Transparency campaigns have become a popular strategy for companies in trouble. Several brands suffering through bad public perception, including McDonald’s and comedian Bill Cosby, have used this tactic, including hashtags, as a means to track conversations with a skeptical public.

This bold strategy affords brands the opportunity to diffuse negative speculation, but also carries the high risk of receiving the opposite of its intended response and could end up doing more harm than good. McDonald’s, with its #McDStories campaign, and the Bill Cosby-skewering #CosbyMeme hashtag, are but two examples of these strategies gone awry. The most recent example of this reputation management attempt gone off-the-rails is the #AskSeaWorld campaign. 
After the release of the 2013 documentary, Blackfish, which called into question SeaWorld’s treatment of captive killer whales, SeaWorld’s stocks dropped, as did attendance at its once popular aquatic adventure parks in Florida, California and Texas. In hopes of improving its reputation and changing the public’s opinion, SeaWorld launched a multi-million dollar campaign, which kicked off with #AskSeaWorld.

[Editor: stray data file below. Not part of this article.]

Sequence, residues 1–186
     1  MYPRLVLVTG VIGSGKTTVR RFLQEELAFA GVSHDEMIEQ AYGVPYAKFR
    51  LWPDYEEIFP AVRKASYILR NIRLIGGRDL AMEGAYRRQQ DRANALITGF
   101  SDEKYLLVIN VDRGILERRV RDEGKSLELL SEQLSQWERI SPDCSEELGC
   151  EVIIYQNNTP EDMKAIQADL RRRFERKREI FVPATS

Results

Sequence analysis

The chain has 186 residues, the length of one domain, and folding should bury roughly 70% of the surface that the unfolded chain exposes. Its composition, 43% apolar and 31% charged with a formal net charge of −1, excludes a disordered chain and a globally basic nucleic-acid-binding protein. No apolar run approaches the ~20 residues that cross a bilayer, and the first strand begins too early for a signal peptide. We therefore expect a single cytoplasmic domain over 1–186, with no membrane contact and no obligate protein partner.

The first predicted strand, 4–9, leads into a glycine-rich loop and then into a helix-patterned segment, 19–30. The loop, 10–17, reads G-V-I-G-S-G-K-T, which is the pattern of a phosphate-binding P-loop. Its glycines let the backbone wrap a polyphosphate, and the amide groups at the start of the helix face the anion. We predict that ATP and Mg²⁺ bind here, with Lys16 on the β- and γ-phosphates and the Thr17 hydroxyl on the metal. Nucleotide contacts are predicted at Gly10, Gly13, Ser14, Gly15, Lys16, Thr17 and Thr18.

#AskSeaWorld became a trending topic on Twitter; however, it wasn’t because the campaign was going well. Questions and accusations came flooding in and let’s just say things got interesting. After being berated, SeaWorld’s social media team ended up getting a little sassy and failed to respond to several questions, causing the whole plan to crumble. This is just one of many PR missteps SeaWorld has made in the last year and a half. 
The rest of SeaWorld’s reputation management campaign includes print placements, national TV buys and YouTube videos addressing the “unfair criticism” they have received from the Blackfish documentary. Let’s hope those go better than their latest social media attempt.
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